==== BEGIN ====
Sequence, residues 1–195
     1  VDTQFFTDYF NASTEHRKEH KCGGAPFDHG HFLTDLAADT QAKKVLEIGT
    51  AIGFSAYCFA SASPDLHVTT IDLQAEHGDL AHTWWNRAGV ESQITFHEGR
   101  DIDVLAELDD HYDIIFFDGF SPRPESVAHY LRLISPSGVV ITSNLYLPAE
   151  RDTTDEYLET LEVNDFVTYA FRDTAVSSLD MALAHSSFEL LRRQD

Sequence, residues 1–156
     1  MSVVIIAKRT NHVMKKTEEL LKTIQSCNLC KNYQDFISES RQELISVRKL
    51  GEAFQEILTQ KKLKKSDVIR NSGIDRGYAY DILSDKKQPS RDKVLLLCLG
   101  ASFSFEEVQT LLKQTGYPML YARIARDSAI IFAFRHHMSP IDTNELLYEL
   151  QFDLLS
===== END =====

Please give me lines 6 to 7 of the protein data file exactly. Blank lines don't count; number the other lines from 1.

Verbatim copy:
Sequence, residues 1–156
     1  MSVVIIAKRT NHVMKKTEEL LKTIQSCNLC KNYQDFISES RQELISVRKL